Third parties leave your network open to attacks

With the Target example as the high-water mark, enterprises need to worry about the lack of security on the part of third-party providers that have access to internal systems.

By Ryan Francis
June 9, 2017


To mitigate these types of threats, the most sophisticated endpoint security solutions can sense and analyze enough data in real-time to ensure that breaches and intrusions are observed in real-time, he added. "These new solutions leverage advancements in machine learning, artificial intelligence and analytics so organizations can quickly observe and fill unintentional, and sometimes intentional, holes left by third-party organizations."

With the growing landscape of global privacy regulations, such as the General Data Protection Regulation (GDPR), the ability to control the uses of data throughout its life cycle will be critical. Strong access management controls can help, but often data masking and anonymization need to be implemented to manage access to key data fields, said Focal Point Data Risk's Data Privacy Practice Leader Eric Dieterich.

 

What's the solution?

Third-party access requires a layered security approach with dynamic contextual access control applied throughout, said Gerry Geble, vice president of business development at Axiomatics. For example, one layer of security is to dynamically control who can access your network. Another layer would be to control access to APIs, data and other assets once these third parties are on the network.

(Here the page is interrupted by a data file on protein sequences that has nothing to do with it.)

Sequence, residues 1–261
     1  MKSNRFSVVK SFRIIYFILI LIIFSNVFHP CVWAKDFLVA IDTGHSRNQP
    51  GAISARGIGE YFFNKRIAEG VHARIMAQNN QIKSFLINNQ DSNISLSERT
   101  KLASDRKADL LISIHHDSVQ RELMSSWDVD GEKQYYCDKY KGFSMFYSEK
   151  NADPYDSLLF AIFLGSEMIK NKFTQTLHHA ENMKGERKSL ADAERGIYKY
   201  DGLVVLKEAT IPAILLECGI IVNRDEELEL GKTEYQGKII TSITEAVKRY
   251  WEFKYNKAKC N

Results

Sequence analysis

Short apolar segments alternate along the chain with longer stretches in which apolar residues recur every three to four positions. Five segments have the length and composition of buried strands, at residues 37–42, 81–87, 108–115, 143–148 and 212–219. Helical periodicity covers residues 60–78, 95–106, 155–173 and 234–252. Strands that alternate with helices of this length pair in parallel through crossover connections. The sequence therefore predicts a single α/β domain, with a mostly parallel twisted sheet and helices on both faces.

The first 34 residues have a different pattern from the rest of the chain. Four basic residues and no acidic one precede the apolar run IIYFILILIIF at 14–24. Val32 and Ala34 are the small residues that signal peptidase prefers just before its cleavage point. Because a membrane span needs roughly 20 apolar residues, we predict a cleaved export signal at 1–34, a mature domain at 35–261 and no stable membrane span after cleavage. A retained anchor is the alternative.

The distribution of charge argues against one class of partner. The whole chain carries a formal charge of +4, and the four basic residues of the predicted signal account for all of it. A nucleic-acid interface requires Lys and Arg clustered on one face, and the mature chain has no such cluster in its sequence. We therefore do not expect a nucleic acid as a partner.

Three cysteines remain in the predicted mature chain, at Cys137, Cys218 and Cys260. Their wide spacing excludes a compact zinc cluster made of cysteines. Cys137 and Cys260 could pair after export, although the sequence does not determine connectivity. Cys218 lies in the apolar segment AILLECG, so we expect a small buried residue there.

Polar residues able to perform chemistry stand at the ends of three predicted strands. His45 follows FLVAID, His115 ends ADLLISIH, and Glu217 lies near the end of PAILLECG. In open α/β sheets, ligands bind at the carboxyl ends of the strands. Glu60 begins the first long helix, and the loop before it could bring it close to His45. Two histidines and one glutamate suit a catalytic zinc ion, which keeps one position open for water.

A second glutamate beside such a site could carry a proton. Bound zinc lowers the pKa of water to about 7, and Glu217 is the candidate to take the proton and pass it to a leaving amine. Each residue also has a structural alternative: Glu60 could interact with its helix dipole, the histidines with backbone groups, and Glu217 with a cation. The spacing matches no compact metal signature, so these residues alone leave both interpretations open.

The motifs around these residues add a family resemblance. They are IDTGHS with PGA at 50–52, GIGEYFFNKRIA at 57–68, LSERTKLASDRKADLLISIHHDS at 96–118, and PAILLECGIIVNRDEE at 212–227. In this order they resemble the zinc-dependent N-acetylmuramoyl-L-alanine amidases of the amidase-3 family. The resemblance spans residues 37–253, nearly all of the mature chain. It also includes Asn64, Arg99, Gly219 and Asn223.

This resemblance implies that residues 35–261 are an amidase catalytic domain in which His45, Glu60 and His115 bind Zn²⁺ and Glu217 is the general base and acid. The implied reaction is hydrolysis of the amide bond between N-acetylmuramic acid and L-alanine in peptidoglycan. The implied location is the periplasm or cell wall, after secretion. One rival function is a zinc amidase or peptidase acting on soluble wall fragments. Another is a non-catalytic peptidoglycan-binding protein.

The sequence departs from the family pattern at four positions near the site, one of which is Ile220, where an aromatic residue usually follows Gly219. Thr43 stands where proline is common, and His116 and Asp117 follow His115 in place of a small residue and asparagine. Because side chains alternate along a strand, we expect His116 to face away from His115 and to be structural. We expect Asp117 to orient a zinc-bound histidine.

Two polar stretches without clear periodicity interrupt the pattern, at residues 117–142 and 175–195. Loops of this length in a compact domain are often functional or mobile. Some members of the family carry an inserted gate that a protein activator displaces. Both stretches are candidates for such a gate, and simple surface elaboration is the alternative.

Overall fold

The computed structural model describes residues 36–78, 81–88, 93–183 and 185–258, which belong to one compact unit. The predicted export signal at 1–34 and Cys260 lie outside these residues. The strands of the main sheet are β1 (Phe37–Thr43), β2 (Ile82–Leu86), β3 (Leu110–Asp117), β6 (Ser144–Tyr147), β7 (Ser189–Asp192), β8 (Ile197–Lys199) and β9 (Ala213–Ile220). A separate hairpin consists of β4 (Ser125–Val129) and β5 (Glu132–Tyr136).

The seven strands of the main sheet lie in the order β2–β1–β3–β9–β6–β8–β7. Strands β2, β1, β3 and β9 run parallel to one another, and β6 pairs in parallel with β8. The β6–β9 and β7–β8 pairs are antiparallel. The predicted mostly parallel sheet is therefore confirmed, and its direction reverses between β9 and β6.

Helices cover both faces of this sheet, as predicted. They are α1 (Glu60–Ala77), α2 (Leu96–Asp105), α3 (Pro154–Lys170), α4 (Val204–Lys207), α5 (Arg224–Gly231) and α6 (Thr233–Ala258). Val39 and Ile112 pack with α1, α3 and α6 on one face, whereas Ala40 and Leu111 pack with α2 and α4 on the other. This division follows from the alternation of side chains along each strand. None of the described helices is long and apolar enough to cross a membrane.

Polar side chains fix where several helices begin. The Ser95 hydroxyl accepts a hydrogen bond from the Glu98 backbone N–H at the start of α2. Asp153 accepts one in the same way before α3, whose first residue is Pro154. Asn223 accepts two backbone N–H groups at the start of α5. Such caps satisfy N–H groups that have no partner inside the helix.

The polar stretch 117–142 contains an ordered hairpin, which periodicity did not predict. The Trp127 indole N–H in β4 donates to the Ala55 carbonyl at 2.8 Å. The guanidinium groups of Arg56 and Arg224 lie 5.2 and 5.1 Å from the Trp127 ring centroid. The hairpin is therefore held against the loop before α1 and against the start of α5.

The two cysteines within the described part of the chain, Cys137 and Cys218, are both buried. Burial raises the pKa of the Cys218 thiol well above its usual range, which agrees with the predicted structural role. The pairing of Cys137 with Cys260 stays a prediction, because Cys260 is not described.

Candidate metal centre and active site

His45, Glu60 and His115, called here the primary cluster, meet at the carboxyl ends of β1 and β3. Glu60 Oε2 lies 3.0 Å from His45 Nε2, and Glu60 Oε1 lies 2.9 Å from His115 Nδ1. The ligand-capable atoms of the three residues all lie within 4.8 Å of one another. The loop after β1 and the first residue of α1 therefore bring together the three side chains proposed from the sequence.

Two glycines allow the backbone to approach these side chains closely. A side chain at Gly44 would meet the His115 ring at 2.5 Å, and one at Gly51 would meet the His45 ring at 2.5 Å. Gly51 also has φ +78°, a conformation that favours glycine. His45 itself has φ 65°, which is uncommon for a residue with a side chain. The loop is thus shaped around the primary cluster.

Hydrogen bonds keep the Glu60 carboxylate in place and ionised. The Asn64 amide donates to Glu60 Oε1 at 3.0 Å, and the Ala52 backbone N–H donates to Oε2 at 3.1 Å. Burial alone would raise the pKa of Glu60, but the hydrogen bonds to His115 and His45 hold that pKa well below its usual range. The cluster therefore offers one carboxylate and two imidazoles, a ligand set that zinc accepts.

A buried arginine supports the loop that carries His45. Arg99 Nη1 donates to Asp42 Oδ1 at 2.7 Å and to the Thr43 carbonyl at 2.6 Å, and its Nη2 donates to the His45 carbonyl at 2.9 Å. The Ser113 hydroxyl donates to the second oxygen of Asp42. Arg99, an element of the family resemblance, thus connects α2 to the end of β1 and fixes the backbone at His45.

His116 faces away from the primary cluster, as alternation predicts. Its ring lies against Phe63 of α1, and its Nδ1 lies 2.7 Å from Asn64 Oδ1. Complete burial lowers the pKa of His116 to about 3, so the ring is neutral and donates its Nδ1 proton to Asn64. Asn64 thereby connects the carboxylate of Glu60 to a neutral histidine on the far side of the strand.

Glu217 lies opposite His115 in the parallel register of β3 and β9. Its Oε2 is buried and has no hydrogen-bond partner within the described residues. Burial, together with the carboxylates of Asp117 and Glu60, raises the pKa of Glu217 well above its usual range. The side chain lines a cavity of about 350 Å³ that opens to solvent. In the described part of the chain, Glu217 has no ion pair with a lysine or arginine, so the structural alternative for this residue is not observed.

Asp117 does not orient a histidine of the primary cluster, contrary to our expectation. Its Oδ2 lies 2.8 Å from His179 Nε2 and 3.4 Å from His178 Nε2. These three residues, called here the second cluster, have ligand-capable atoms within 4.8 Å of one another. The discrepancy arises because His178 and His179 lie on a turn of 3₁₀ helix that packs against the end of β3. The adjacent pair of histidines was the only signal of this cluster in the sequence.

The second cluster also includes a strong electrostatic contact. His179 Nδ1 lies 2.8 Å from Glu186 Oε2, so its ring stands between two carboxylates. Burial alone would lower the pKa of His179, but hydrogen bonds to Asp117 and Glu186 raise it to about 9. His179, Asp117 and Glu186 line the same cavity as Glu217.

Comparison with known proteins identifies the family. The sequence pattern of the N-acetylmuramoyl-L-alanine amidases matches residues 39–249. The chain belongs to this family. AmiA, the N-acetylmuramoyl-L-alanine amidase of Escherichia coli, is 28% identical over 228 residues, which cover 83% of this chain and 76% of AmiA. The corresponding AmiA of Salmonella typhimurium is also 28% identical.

Caccia advises that third-party access to assets is a perfect scenario for behavioral analytics, where the system baselines normal behavior of users on the network, even with limited knowledge of who those users actually are. "User behavior analytics (UBA) should be table stakes for any firm that works with partners extensively; it's the best - perhaps only - way to understand and control what once-removed users are doing on your network and with your data," he said.

Henderson recommended that companies make sure governance policies around vendor management are bolstered and reinforced. This should include policies around regular and random audits of those vendors. Those audits should have the ability to return quantifiable and definable metrics.

Also when it comes to creating and drafting contracts with these vendors, it's critical that the appropriate sections clearly define the security and privacy obligations expected of the vendor are included.

"I like the idea of inserting data canaries into the record sets that are shared with third parties and then watching for those canaries to pop up in dumps online. You would be amazed at how often data leaks onto the web and shows up in places like pastebin," Henderson said. "Other things that make me nervous about this problem are quite simply the fact that all the staff, resources, tools and technologies can often be defeated by nothing more than some middle manager somewhere dumping a huge amount of customer data into a spreadsheet then sending it off via email to some previously unknown third party contracted by a business unit to run a bulk email campaign."

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